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Living furs..! :) Fur comparison for your interest


Foxb
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I have to admit that skunk fur is a type of fur that I could never, ever use because I have two pet skunks and I just can't get over how cute they are. I really do think other fur bearing animals are cute as well (I always loved foxes, and I think rabbits are cute etc) but I feel more comfortable using those. The 'this animal is cute so you shouldn't kill it' argument is rubbish, anyway.

 

But skunks... I dunno, I guess it's just because I live with two that I really couldn't cope with skunk fur. However! I thought you might be interested to know that their furs feel entirely different!

 

I know a lot of skill goes into colour and texture matching with fur pelts and these two would never be matched together. For starters, one is albino and the other is black and white, but I could tell which skunk is which just by feel. The black and white one has much shaggier, coarser guard hair with (in winter) a very, very thick downy undercoat that is much softer than the guard hair. The albino is quite different - even in winter he has less undercoat, but his guard hair is much smoother, more shiny and softer to touch. Interesting!

 

Pet skunks, I believe, originally came from the fur industry. There are lots of pet skunk colour variations available, so I'm supposing that different colours have been bred in much the same way as fox mutations have been bred. There are brown, grey, blue colours etc, and different types of stripes too. I see a lot of pet skunks with very broad white stripes, and I believe that this is because these were the less preferred skunks for fur (narrow white stripes used to be the most popular) and so they were more likely to end up in the pet industry - just my theory!

 

Couldn't even begin to explain why skunks seem to have all different fur textures though. My friend has two skunks (brothers) with very, very fine, silky fur - different again from my two. Comparing my skunks with hers - they feel like three different species!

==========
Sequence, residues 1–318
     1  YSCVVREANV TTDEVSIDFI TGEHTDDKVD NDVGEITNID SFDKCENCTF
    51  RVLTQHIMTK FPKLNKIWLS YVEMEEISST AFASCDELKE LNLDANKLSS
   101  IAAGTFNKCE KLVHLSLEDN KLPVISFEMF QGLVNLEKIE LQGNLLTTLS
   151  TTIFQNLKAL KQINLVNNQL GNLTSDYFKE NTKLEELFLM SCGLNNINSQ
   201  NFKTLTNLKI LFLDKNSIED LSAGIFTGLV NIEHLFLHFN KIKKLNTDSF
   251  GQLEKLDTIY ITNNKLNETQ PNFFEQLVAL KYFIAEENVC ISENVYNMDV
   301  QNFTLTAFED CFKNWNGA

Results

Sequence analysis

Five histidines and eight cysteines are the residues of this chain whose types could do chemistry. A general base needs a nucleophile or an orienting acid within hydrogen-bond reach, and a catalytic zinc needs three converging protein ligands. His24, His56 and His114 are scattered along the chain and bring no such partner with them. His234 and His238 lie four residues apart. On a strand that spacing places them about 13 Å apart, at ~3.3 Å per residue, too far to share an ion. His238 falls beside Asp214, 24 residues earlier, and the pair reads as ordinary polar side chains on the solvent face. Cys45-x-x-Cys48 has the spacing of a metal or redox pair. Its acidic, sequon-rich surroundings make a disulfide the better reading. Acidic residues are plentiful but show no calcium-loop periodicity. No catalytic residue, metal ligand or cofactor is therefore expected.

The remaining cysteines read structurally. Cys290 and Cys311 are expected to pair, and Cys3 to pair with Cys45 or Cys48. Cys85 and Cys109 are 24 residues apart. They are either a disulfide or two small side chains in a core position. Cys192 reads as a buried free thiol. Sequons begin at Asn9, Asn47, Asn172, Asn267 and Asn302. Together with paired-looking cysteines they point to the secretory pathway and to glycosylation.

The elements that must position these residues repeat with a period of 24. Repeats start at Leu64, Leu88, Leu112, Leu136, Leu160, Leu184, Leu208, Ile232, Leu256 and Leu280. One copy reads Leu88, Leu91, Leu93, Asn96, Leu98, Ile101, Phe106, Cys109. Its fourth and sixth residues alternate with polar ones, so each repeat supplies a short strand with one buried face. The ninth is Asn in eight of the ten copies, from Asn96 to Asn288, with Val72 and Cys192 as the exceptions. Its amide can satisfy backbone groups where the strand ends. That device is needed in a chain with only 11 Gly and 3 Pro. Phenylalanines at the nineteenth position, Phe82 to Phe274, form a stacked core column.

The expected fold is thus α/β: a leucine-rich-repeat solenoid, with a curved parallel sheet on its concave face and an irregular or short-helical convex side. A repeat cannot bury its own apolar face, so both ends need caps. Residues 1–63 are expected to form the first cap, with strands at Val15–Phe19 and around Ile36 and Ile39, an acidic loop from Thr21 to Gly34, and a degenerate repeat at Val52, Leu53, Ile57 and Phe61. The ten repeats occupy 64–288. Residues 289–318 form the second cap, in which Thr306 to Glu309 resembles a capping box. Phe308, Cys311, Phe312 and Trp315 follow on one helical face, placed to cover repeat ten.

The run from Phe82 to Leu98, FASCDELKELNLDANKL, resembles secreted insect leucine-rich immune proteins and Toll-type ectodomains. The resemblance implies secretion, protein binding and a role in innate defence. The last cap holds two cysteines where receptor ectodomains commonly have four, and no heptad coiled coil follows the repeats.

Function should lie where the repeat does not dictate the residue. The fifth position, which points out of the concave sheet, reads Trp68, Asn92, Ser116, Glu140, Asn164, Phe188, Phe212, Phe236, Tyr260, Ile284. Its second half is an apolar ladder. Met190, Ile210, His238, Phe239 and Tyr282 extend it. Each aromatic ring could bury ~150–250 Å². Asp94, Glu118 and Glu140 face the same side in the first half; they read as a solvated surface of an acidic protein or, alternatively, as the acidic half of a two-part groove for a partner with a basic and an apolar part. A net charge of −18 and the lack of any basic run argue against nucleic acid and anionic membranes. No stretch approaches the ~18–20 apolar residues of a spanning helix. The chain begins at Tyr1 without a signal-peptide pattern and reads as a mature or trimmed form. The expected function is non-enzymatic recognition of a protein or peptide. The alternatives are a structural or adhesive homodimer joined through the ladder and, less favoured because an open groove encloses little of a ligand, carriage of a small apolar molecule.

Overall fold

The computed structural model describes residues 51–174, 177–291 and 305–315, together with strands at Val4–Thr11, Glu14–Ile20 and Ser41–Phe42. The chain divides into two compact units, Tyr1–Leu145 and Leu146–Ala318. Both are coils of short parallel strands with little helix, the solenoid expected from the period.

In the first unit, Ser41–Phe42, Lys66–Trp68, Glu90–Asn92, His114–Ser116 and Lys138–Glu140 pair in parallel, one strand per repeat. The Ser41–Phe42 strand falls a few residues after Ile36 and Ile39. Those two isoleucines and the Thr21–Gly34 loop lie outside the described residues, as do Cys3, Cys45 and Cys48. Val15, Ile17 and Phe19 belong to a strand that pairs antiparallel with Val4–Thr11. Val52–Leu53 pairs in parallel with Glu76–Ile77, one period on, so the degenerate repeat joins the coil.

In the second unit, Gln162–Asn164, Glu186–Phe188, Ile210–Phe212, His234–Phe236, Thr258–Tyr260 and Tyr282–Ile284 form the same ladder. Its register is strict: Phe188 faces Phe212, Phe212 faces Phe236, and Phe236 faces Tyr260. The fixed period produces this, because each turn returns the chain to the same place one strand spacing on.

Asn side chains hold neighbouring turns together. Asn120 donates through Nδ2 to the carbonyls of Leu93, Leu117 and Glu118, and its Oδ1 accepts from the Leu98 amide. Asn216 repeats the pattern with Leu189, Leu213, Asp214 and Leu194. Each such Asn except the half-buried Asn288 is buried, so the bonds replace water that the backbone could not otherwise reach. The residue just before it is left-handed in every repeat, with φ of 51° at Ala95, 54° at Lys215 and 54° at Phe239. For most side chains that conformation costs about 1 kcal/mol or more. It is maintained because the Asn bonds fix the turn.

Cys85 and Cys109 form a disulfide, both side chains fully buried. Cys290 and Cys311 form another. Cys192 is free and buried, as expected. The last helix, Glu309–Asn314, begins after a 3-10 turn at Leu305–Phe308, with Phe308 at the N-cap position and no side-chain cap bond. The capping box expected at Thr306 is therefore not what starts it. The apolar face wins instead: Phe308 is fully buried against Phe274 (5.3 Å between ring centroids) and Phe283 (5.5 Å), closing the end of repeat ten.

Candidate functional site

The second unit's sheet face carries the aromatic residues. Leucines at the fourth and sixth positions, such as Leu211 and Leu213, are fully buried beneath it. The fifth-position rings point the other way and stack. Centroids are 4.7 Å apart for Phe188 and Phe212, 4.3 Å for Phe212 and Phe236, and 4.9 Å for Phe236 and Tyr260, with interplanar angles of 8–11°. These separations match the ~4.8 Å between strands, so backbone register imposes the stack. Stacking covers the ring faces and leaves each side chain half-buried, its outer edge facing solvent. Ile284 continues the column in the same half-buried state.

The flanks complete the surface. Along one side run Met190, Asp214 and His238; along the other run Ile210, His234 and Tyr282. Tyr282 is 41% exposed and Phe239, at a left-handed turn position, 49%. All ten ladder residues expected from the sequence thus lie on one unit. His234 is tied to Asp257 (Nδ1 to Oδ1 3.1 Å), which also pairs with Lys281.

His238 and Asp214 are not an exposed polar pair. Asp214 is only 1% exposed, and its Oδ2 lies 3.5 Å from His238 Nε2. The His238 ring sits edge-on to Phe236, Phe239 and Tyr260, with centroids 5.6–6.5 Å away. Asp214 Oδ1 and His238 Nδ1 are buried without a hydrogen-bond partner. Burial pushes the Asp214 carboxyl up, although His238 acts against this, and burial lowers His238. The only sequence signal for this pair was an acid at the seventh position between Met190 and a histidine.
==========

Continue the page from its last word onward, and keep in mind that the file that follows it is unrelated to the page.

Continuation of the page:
Have you ever experienced any furs that have felt significantly different, even though they were from the same species? I know it can't be down to how I look after my skunks - they live exactly the same and they are just so different!

 

And for the interested... have some pictures.

 

http://foxbane.deviantart.com/gallery/#/d4t9h82

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I've seen the same difference in fur texture & thickness with several of our cats. Currently we have 3; 2 that are brother/sister from same litter, and 1 older female. The comparison between the coats of your skunks works kind of compares the brother/sister pair. Both are domestic shorthair cats and their fur (and coloring) are very different (as are physical features too). The male has a much smoother/silkier feel overall with slightly shorter guard hairs while his sister has a coarser feel with slightly longer guard hairs and possibly a slightly heavier undercoat. She also seems to shed to a greater degree than he does. Can't really compare the older one with the younger pair; she is more a domestic longhair (rather fluffy).

 

I guess it's just how the genes express themselves in each individual that brings this out whether skunk, cat, or anything else.

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On the subject of skunk fur (pelts), the ones I have seen have a tendancy to retain a bit of skunk oil and thus have a slightly unpleasant odor.

 

However I have also seen black (dyed) and white rabbit used to make simple kids hats that somewhat resembled the skunk look. Frequently customers would ask if they were skunk fur.

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I guess that animal pelts can differ just as much as human hair can!

As it is illegal to remove them in the UK, my two do still have their scent glands. But they don't spray, so it isn't a problem. Though skunks do generally have a naturally musky scent, too (I find it quite pleasant; definitely different from their chemical spray). I am aware that many mustelids do also have a similar scent; in fact ferrets are able to spray, too - and more frequently than skunks, but less potently. I wonder if this means that fitch, mink etc can also spray?

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Foxb,

As your pets still have their scent glands, I hope they never get really mad at you or feel threatened. In some sense, they could be considered "armed and dangerous".

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The black and white one ran into something once and bashed her nose - she let out a 'delicate mist' which lingered for a few days. There was no trace of it after that, though, thankfully. She spent the rest of that day hiding under the sofa - I think she was as offended by her own smell as I was...

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... - I think she was as offended by her own smell as I was...

That is very possible - I have heard that skunks do not like to use their "weapon" unless they have to.

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